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“Do you mind working for a German?” asked the blond thirty something man with a piercing blue stare. I was at a job interview. It happened a few years ago in Australia, thousands of miles away from Europe and over half-a-century after the end of the Second World War.

It was an unexpected question in the context of a Sydney suburb, but not entirely. I am Polish and the history of Polish–German/Germanic relationships is full of wars and battles stretching over a thousand years. Consciously or not, people carry historical knowledge as part of their identity, and this legacy affects how various communities and individuals have interacted with each other over the years.

I recalled my unconventional interview question while reading Sydney University Press’s new book Migration and Cultural Contact: Germany and Australia and, by the time I finished, I was no longer sure whether my background mattered in the context of the history of German presence in Australia.

Contacts between Germany and Australia go back to the earliest colonial times. Germans came to Australia with the First Fleet, and were highly regarded as hard-working citizens. Whether rural settlers, entrepreneurs, missionaries, scientists or explorers, they contributed significantly to Australian society.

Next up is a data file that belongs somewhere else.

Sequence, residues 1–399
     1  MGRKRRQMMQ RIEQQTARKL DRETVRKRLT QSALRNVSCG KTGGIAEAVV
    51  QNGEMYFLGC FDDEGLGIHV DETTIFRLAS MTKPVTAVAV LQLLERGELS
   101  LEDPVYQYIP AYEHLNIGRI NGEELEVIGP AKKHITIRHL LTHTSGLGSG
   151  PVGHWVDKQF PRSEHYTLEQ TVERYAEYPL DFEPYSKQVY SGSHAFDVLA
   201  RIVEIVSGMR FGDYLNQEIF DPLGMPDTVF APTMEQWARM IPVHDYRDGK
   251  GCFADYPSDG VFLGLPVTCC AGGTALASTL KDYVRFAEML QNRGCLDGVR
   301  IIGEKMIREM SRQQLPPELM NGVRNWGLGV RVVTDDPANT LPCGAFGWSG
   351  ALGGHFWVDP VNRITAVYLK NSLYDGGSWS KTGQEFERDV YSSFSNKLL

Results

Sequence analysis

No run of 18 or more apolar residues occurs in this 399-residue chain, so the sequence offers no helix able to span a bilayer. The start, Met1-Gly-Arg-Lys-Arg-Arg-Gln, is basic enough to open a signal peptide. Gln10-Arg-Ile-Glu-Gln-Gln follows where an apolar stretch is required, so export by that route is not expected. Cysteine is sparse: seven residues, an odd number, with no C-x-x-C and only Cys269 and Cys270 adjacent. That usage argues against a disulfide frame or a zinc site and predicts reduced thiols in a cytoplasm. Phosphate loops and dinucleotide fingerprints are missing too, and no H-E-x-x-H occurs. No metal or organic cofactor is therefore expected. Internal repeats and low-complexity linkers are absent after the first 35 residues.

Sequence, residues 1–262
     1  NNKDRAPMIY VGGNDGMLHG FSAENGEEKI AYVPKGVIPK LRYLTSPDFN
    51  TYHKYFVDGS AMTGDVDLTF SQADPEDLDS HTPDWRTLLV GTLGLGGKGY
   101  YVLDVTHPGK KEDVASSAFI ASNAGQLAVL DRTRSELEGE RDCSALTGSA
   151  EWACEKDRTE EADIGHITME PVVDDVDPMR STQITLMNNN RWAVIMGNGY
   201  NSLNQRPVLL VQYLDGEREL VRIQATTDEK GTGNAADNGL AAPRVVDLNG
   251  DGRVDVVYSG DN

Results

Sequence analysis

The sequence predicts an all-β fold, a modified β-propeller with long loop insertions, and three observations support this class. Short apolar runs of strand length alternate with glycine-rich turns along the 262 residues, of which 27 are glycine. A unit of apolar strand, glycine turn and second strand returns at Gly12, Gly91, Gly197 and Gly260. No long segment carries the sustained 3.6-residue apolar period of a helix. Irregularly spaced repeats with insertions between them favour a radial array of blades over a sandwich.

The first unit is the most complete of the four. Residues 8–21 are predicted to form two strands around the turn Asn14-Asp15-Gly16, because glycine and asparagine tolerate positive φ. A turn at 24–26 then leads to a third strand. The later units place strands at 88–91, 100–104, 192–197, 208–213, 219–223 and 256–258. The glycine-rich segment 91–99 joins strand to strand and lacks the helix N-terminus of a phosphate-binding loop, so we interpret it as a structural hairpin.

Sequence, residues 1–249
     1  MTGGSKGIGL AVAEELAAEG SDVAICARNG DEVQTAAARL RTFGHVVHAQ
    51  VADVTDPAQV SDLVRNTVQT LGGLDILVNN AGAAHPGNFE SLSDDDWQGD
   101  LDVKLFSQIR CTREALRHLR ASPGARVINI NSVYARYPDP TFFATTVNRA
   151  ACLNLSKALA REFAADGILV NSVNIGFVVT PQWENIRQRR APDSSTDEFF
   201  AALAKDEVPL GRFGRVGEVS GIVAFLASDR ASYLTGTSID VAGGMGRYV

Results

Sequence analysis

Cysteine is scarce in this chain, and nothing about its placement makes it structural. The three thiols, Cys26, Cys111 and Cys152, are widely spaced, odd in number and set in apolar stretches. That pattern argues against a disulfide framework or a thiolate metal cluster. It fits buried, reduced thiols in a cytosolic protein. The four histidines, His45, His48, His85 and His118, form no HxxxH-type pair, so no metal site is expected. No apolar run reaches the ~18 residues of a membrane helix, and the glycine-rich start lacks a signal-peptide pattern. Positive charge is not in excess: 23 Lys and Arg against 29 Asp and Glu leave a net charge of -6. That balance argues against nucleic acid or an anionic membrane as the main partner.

But the position of German migrants has not always been unproblematic as John Williams writes in chapter six of the book. During the First World War, many Australians of German background were considered to be ‘enemy aliens’, often forced to change their name and at times persecuted.

While the animosities caused by the Second World War were short-lived, it is only in the past two decades that more people have claimed to have a German background than can be accounted for in the immigration data. The rise in the popularity of German heritage has been seen on the one hand in the context of the multicultural policy of 1973 but on the other hand, it has been linked with events back in Germany: the unification and the fall of the Berlin Wall – something of which all Germans can be proud.

Perhaps it is the distancing effect of the flow of time. While acknowledgement and recognition of the past forms an important part of our collective memory, should it affect how we treat individuals of different backgrounds in the present?

And, yes, I got that job and I didn’t mind working for a German boss.

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